Justina Šidlauskienė, Head of Marketing & PR at Paysera, shares how they’ve incorporated their clients into their new brand identity.
Can you introduce us to Paysera and the brand’s identity through the years? How were the past brands conceptualised?
Paysera is a Lithuanian-born fintech company that provides fast, convenient, and affordable financial and related services globally. Our product offering includes a payment gateway for e-shops, money transfers, currency conversion, payment cards, an event ticketing platform, a parcel locker network, and a top-notch finance management app.
Recently, we were also granted a commercial bank license and a digital bank license in Georgia, as well as a peer-to-peer lending operator license in Lithuania. We have almost 300 colleagues working in 15 different cities worldwide. The company began its journey in 2004, and since then, it has had several name and logo changes.
The new logo was introduced after an almost eight-year break, marking a fresh start for the company – a more modern look that carries a meaningful message.
About this current rebranding, how did it come about? How did that conversation start?
The current rebranding started as a discussion that our old logo and the company's current vision are disconnected. The old design looked outdated and needed to communicate our vision better. Also, the existing branding seemed complicated and didn't reflect the company as a pioneering fintech with innovative offerings.
Finally, from a technical point of view, we needed a design that could work on any size screen in various settings. Our in-house marketing team and a talented graphic designer, Deividas Bielskis, began to search for a new identity and tools that would express the brand personality verbally and visually.
We wanted both simple and on-point results with the Paysera vision and service offerings.
How did the rebranding process go? Was it all smooth, or did you encounter challenges?
We wanted to involve our people and various stakeholders inside the company, but making our clients a part of this process was just as important.
So, in 2021, we asked them how they felt about us. From the feedback, we saw that our clients almost unanimously refer to Paysera with words like "fast", "easy to use", "great value for money", "many services", and "a great alternative to traditional banks".
Our secret to success has always been listening to our clients’ needs and staying one step ahead with new and innovative products. And so, we decided it was time to reflect this in our updated brand design.
Reflecting the importance of listening to our clients and being there for them right here, right now – that's how the idea for the chat bubble and location pin was born.
The process was lengthy and involved lots of discussions inside the rebranding team, company management, and with our partners in different countries.
A big change was to your logo. Can you tell us how it was conceptualised?
The letter P has become an essential element of our logo. As you can see, it resembles a stylised chat bubble and a location pin. It means we build Paysera through continuous communication with our clients, businesses, and the people behind those businesses.
The location pin symbolises Paysera being local and global at the same time. It also represents integrations of third-party services that can be used right here and right now – it’s one of the core benefits of our company.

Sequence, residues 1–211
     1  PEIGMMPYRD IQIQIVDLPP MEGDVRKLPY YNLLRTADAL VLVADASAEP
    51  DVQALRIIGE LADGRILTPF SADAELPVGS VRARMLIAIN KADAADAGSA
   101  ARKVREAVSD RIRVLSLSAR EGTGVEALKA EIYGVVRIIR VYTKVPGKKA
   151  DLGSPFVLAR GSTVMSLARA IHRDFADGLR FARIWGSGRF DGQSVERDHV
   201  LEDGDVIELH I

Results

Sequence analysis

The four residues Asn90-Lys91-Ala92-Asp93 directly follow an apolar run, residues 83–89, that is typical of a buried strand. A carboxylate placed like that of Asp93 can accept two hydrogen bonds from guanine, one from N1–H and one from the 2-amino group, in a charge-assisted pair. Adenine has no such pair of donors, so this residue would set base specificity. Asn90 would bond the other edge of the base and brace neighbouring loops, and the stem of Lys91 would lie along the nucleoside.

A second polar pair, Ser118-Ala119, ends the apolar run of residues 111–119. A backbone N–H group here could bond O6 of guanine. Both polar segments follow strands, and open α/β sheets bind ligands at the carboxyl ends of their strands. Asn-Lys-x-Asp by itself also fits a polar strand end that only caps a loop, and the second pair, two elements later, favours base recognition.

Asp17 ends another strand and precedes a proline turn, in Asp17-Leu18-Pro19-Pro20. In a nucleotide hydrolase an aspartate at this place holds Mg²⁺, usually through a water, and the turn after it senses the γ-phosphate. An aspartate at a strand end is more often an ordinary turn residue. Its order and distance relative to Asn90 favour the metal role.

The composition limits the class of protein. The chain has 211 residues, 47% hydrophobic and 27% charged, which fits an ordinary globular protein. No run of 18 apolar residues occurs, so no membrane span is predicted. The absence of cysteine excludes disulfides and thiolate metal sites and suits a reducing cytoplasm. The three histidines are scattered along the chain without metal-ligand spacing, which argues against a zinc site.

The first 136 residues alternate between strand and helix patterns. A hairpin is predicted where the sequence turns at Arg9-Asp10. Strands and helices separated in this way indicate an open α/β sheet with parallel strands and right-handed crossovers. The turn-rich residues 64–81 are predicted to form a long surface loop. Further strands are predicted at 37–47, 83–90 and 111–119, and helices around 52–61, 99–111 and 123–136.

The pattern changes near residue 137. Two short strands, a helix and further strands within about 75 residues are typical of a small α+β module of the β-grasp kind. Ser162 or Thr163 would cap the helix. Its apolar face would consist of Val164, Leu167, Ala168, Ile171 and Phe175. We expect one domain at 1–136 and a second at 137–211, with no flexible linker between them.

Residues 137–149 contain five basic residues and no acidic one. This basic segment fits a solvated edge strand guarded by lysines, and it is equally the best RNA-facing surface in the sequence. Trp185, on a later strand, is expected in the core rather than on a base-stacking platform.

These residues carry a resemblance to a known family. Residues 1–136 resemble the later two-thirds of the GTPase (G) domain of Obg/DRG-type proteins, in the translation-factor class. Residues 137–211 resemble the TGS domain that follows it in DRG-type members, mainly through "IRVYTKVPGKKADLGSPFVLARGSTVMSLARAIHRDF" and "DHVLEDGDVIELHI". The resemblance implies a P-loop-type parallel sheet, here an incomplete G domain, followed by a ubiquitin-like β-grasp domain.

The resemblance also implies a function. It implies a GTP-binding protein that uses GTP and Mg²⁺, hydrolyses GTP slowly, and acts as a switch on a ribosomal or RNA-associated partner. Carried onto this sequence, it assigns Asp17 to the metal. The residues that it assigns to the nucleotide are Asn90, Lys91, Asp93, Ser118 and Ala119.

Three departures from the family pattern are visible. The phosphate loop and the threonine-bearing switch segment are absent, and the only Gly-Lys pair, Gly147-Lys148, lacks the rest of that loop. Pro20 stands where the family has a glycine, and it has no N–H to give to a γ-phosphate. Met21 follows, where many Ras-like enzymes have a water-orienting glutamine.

Upcoming features like paying for parking, ordering parcel delivery, and investing in real estate also stand by this idea, and we wanted our logo to reflect that.
How about your colour palette? How did you land on these colours, and what do they say about your brand?
In addition to other major changes, we also decided to go with a more refined colour palette that uses two shades of blue and one green.
The colours were chosen to match the values in our branding materials: blue stands for trust, forward-thinking, integrity, experience, and innovation, whereas green represents sustainability and prosperity.
Can you tell us more about the fonts that you use? How were they chosen? Were they custom-made?
We decided to use fonts that are easy to read, clean, and reliable. Mulish and Inter are the fonts you can see in our marketing materials.
Are there new elements that you will be adding to your new visual identity such as illustrations, etc?
Paysera has been in the market for 18 years. To ensure its brand consistency across all platforms, we needed to redo many marketing materials.
In order to speed up the process, we decided to make the rebranding gradual. We started with the logo change and social media while creating the new brand guide, various templates, illustrations, icon styles, photo guides, etc.
What is your major takeaway from this experience? Or, do you have any advice for brands or designers embarking on rebranding projects themselves?
The whole process was exciting and rewarding.
My advice would be to start with the company's overall vision and know why rebranding is needed.
I think it's essential to understand the reasons for rebranding and the goals the company aims to accomplish. Also, I think it's crucial to involve various stakeholders: company employees, clients, and prospective clients, to understand the brand, who we are as a company, what moves our business forward, and why people connect to it.
The involvement of various stakeholders at this stage helped us determine our identity's core, have a clear brand position, and have key differentiators.
During the implementation stage, it was important to stop and get back to the strategy stage to check if the brand assets reflect the brand positioning and resonate with the brand story.